RICHMOND, Va. — Behind a pane of glass at the Virginia Museum of Fine Arts, a wooden bed frame anchors a sparsely decorated motel room. Vintage suitcases have been arranged at the foot of the bed, and light streams in diagonally through a window, just beyond which a green Buick is visible, parked in the foreground of a mesa landscape.
It looks like the setting of a painting, and it is. Every detail here was inspired by Edward Hopper’s 1957 painting “Western Motel,” which has been brought to vibrant, three-dimensional life. The only thing missing is the mysterious woman whose burgundy dress matches the bedspread. But that’s where the museum guest comes in.
I was the second person to stay in the museum’s Hopper hotel room, essentially becoming its subject for a night. (Before it sold out through February, the room cost anywhere from $150 a night to $500 for a package, including dinner, mini golf and a tour with the curator.) My time there was short — a standard stay runs from 9 p.m. to 8 a.m. — and awkward. I had traveled all day to reach Richmond, and these pristinely basic quarters were the main event. Ultimately, it reminded me of every other hotel room I’ve ever stayed in.
Ellen Chapman, a Richmond resident who stayed the night before I did, was more focused on the novelty of an art overnight. “I’ve always had that childhood fantasy of spending the night in a museum,” she said. “The remarkable part for me was waking up, drinking my coffee and looking at this amazing exhibit right next to me.”
The “Hopper Hotel Experience” is the flashy centerpiece of “Edward Hopper and the American Hotel,” an exhibition featuring about 60 of the artist’s hospitality-themed works, including paintings, sketches and early-career cover illustrations for the trade magazine, Hotel Management. Also on view are 35 works by other American artists exploring travel in America across time and medium, from Robert Salmon’s 1830 painting “Dismal Swamp Canal” to a 2009 photograph by Susan Worsham titled “Marine, Hotel Near Airport, Richmond, VA.”
Leo G. Mazow, the show’s curator, said he intends the Hopper room to do more than just generate buzz. “So many people say, ‘Well, Hopper’s about alienation.’” But for Mr. Mazow, Hopper’s themes of “transience and transportation yield a particular type of detachment,” which the hotel experience explores.
Hopper’s painting career coincided with the period when automobile production and expanding highway infrastructure made travel possible for a broader range of Americans. A lifelong New Yorker, Hopper and his wife, Jo, took several extended road trips, during which he painted common elements of American life: hotels, motels and guesthouses; lighthouses; restaurants; city streets and interiors. His quietly dramatic depictions of those spaces and the people in them came to define an American aesthetic.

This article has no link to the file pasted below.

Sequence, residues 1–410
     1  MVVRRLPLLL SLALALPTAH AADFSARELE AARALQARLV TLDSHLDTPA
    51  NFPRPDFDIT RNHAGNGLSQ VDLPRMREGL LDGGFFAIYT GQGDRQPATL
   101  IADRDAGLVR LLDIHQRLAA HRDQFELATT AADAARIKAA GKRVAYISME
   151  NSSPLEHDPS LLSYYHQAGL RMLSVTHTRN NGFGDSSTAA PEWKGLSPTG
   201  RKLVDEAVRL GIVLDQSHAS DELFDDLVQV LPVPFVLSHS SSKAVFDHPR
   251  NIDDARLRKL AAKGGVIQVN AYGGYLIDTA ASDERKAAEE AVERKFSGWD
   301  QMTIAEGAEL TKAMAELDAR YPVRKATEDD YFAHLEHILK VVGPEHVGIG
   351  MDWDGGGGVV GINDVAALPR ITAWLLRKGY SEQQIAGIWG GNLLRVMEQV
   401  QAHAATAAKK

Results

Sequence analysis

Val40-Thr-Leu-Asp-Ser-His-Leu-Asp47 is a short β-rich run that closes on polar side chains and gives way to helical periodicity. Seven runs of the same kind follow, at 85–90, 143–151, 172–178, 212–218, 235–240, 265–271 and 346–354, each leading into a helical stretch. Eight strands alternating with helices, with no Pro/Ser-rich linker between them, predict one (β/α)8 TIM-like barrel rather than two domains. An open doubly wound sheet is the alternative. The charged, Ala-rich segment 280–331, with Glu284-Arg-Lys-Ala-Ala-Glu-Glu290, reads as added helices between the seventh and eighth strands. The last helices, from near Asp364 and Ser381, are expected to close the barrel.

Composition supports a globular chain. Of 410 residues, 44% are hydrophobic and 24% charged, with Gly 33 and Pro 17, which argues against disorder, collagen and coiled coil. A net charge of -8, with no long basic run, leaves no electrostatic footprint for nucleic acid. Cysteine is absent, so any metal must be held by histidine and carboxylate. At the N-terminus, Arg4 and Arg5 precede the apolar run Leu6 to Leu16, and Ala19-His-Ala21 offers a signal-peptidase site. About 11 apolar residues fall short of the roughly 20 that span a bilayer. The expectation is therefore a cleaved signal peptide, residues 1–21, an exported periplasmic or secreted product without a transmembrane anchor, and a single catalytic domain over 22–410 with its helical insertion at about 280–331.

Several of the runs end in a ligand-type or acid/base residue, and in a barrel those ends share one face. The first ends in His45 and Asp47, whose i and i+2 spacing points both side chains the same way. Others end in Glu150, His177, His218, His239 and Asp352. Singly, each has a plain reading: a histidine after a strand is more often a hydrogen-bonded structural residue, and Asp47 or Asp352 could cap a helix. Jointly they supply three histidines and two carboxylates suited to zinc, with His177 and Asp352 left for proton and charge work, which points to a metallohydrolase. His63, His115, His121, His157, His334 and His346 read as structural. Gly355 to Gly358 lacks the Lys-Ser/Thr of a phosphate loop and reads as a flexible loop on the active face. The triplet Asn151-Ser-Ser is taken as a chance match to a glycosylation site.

Barbara Haskell, a curator specializing in 20th-century painting and sculpture at the Whitney Museum of American Art, which owns most of Hopper’s oeuvre, said, “As Americans, we have this individualistic thread that runs through the country, and he captures that individualism in a way that no artist really does.”
Hopper imbued his subjects with a sense of interiority that reflected his own resistance to the societal changes of midcentury America. Jo Hopper’s diaries (on display here) describe him as a political conservative with a deep skepticism toward the new: He was appalled by skyscrapers; categorically opposed to air travel; and unable to cope with women’s independence (he forbade his wife from driving).
The result in his work is “a kind of sadness, a nostalgia for a way of life that’s disappearing,” Ms. Haskell added.
And yet Hopper indulged in the modern pastime of car travel. “Western Motel” sits at the crux of this ambivalence, depicting a striking landscape, but as seen through the window of a generic indoor space built for refuge.
As I sat on the bed in a Hopper refuge come to life, I reflected on my own journey to the “motel” from Brooklyn. After nine hours on the M.T.A., Amtrak and Greyhound, I found myself inside the room, and straddling two worlds: I tinkered with the radio (wood-finished for historical accuracy but bluetooth-enabled for function), chewed on a Tootsie Roll and leafed through issues of Time magazine from 1957. (One absorbing piece was titled “The Emancipation of Moslem Women,” and ads for Bermuda were dominated by white people.)
Then a modern instinct kicked in: I set my phone’s photo timer and snapped a few pictures of myself posed as the painting’s sitter. As I prepared to post the winner to Instagram, my own wave of ambivalence washed over. In that moment, I was spending more energy capturing the perfect shot than experiencing the place I’d traveled to see. Alienation, indeed.
Edward Hopper and the American Hotel
Through Feb. 23 at the Virginia Museum of Fine Arts, Richmond, Va.; 804-340-1400, vmfa.museum. The Hopper Hotel Experience is completely sold out.